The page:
Francisco Aguirre-Ghiso: Past Lives by Celine Song (2023)

Past Lives. (2023). CJ ENM, Killer Films, 2AM.

In a year of box office blockbusters and high-stake historical biopics, the film that stood out the most to me this year was Celine Song’s understated Past Lives. The movie follows Nora, a South Korean woman who emigrated to the United States as a young teen, and Hae Sung, Nora’s childhood best friend who watches her leave, and how the two reconnect decades later for one week in New York. This is a gentle and emotionally mature film that explores a “what if” relationship. Nora and Hae Sung could have easily become a couple in another life, but in this life they weren’t given the chance. The result is a romantically tense film where Nora balances the choices she made against the choices she didn’t. At the heart of this film are three wonderful performances by Greta Lee, Teo Yoo, and John Maguro, who each play their role with such nuance and skill that all three characters come alive; they feel like real people with real desires and regrets. Celine Song’s extensive background as a playwright shines here as well; the screenplay for this film efficiently comprises a decade-long relationship in less than two hours. Past Lives never feels rushed, and the audience is given ample time to absorb the complex relationships between Nora, Hae Sung, and her husband Arthur. What culminates is a bittersweet and thoughtful film that leaves audiences thinking about the relationships in their lives that they passed up on, and the choices they made to build the life they are living.

 

Castalia Litos: Submarine by Richard Ayoade (2010)

Submarine. (2010) Warp Films,Film4 Productions, UK Film Council, Wales Creative IP Fund, Film, Agency for Wales, Protagonist Pictures, Red Hour Films.

During a chaotic final exams season last year, I managed to dedicate a few moments of free time to watching a couple movies I had been meaning to watch all year. One of these was Submarine, and as soon as the credits rolled, I knew I had found one of my new favorite movies. Following the teenage years of the socially awkward and confused Oliver Tate, Submarine is a masterpiece in relating the teenage experience to a large audience. From the wholesome yet sometimes questionable relationship with love interest Jordana, to the shaky relationship between his parents that bleeds into Oliver’s own self confidence, the movie perfectly balances the absurd with the everyday. Because let’s face it: sometimes, life is a bit like a movie, in all its wonderful craziness that seems too good, or bad, to be true. The level of detail, for example, the color coding of the main characters to reflect their prominent emotions, as well as the cinematography, only serves to enhance the viewer’s experience, never trampling on the plot and blurring the focus of the film. Pair all of this with an incredible soundtrack performed in solo by Arctic Monkeys frontman Alex Turner (seriously, if nothing else, give the soundtrack a listen – Turner manages to capture the entirety of the film’s objective in a mere five tracks), and there lies the perfect movie to simply sit, relate to, and find a sense of nostalgic comfort in.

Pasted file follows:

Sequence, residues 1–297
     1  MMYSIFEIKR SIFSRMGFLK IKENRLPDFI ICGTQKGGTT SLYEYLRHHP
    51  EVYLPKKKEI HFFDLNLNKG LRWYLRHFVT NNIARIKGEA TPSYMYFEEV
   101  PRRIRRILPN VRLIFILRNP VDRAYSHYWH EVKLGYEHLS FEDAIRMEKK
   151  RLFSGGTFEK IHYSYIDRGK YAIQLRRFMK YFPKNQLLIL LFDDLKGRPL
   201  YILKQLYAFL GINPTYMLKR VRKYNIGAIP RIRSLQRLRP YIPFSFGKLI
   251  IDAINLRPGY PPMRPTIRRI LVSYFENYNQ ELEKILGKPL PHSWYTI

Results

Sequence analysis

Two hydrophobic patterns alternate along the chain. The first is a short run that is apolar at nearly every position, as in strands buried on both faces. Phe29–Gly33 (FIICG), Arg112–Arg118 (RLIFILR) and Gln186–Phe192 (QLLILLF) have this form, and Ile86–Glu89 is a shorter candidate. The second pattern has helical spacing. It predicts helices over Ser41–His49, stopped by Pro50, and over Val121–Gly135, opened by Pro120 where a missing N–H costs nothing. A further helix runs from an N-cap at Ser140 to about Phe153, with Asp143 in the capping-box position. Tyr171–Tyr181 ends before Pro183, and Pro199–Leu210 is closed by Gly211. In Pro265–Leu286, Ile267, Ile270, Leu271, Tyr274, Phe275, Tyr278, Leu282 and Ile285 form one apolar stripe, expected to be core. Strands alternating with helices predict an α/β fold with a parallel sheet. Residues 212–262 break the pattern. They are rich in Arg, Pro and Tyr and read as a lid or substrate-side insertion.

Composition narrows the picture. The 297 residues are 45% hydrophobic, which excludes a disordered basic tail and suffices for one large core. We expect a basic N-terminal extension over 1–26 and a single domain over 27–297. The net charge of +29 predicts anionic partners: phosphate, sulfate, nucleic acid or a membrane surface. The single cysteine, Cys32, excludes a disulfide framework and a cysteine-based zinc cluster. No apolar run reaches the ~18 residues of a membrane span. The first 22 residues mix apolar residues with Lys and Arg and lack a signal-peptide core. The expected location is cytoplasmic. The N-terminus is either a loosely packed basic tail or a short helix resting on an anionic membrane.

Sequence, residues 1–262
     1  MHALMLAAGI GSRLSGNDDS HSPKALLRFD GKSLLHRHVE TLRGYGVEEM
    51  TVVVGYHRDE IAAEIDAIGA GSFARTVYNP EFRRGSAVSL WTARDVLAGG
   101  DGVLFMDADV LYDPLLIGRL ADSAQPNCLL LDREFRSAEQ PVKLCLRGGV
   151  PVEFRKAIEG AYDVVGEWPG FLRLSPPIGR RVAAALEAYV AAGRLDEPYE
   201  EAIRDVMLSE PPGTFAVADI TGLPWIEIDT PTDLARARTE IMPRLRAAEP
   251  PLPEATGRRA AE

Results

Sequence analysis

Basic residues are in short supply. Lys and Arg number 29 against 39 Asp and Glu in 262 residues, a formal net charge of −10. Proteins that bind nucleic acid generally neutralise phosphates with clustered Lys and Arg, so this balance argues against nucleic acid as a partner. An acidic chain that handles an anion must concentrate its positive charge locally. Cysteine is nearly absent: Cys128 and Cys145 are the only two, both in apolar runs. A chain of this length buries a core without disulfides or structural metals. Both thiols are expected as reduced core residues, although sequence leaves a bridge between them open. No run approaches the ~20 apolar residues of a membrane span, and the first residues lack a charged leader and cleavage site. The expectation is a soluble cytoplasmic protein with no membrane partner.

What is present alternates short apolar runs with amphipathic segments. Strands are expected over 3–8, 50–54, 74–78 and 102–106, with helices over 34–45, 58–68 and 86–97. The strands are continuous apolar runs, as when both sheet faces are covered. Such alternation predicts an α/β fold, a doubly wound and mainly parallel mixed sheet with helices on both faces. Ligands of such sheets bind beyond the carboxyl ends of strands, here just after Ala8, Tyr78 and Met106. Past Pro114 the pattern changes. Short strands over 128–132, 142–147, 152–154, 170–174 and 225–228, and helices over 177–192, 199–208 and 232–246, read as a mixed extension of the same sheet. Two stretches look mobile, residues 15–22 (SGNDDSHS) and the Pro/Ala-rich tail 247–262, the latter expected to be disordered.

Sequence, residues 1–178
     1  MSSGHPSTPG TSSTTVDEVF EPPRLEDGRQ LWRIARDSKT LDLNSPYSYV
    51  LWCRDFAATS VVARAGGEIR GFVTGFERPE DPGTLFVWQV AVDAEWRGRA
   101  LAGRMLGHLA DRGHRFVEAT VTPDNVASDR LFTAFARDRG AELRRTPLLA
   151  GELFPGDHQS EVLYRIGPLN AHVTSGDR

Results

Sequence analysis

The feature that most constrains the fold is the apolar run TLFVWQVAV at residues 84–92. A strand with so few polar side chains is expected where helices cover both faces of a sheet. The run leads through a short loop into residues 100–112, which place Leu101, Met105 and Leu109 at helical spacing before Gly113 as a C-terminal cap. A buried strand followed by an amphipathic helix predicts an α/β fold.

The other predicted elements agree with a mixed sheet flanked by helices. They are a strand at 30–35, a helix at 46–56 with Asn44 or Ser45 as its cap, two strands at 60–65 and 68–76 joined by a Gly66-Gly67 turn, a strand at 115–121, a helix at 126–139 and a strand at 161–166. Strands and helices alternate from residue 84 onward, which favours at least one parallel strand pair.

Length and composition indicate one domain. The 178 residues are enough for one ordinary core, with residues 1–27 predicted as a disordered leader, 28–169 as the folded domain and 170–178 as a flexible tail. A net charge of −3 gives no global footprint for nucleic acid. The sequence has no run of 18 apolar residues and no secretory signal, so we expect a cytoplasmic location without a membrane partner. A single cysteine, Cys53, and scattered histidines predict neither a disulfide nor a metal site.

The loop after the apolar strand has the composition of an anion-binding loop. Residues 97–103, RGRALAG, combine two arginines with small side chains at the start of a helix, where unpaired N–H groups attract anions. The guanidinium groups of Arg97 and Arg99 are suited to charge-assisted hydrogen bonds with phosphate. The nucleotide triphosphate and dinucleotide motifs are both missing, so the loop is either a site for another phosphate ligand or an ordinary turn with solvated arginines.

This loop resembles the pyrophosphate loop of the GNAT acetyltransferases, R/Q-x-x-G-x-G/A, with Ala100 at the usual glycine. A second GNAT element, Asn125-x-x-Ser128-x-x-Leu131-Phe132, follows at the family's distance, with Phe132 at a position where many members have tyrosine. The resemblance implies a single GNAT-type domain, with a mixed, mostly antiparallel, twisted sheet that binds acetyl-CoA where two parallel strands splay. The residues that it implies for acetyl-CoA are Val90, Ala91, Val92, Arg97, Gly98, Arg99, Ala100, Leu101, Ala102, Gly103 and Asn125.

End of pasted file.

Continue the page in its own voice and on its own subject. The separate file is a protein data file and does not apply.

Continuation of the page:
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About the Contributors
Elaine Clarke, Opinion Desk Editor
Elaine Clarke is a Senior at Hendrick Hudson High School. This is her fourth year writing for the newspaper and first year as editor. Alongside this, Elaine participates in the school musicals and plays, film club, as well as the senior club. In her free time, she likes to hang with her friends, listen to music, or just chill with her cat.
Kacie Burns, Arts & Entertainment Editor
Kacie is a Senior at Hen Hud and this is her fourth year on The Anchor. For the paper, she does the layout, artwork, and writes. This year, she is the Arts & Entertainment Editor and Head of Layout. Outside of school, she loves to listen to music (Fiona Apple, The Cure, and The Smiths), take film photos, and read classic literature. She doesn’t play any sports, but does play the violin in the school’s orchestra and loves to draw and paint. 
Alec Elkin, Writer
Alec Elkin is a Junior and a new writer for The Anchor this year. Aside from writing, he has leadership roles in Hen Hud’s Chess Club, as well as Menso Forte, the school’s men’s choir. When not in school, Alec enjoys reading, listening to any and all genres of music, watching movies, skiing, and retro gaming.
Castalia Litos, School and Community Editor
Castalia is the editor of School and Community News for The Anchor. Outside of the newspaper, Castalia participates in several afterschool clubs; she is the co-president of the Hen Hud Debate team and is a member of SEED club, Literary Magazine, and AV and Stage Crew for Drama. An avid alternative and classic rock lover, Castalia spends her free time listening to music, reading, and playing cello for the school’s Chamber Orchestra.
Francisco Aguirre-Ghiso, Managing Editor
Francisco Aguirre-Ghiso is currently a senior at Hen Hud. This is his second year writing at The Anchor, and currently holds the position of managing editor. He is also public relations officer for Tri-M Music Honor Society and plays Varsity Tennis. Outside of school, he likes watching movies, playing video games and listening to music.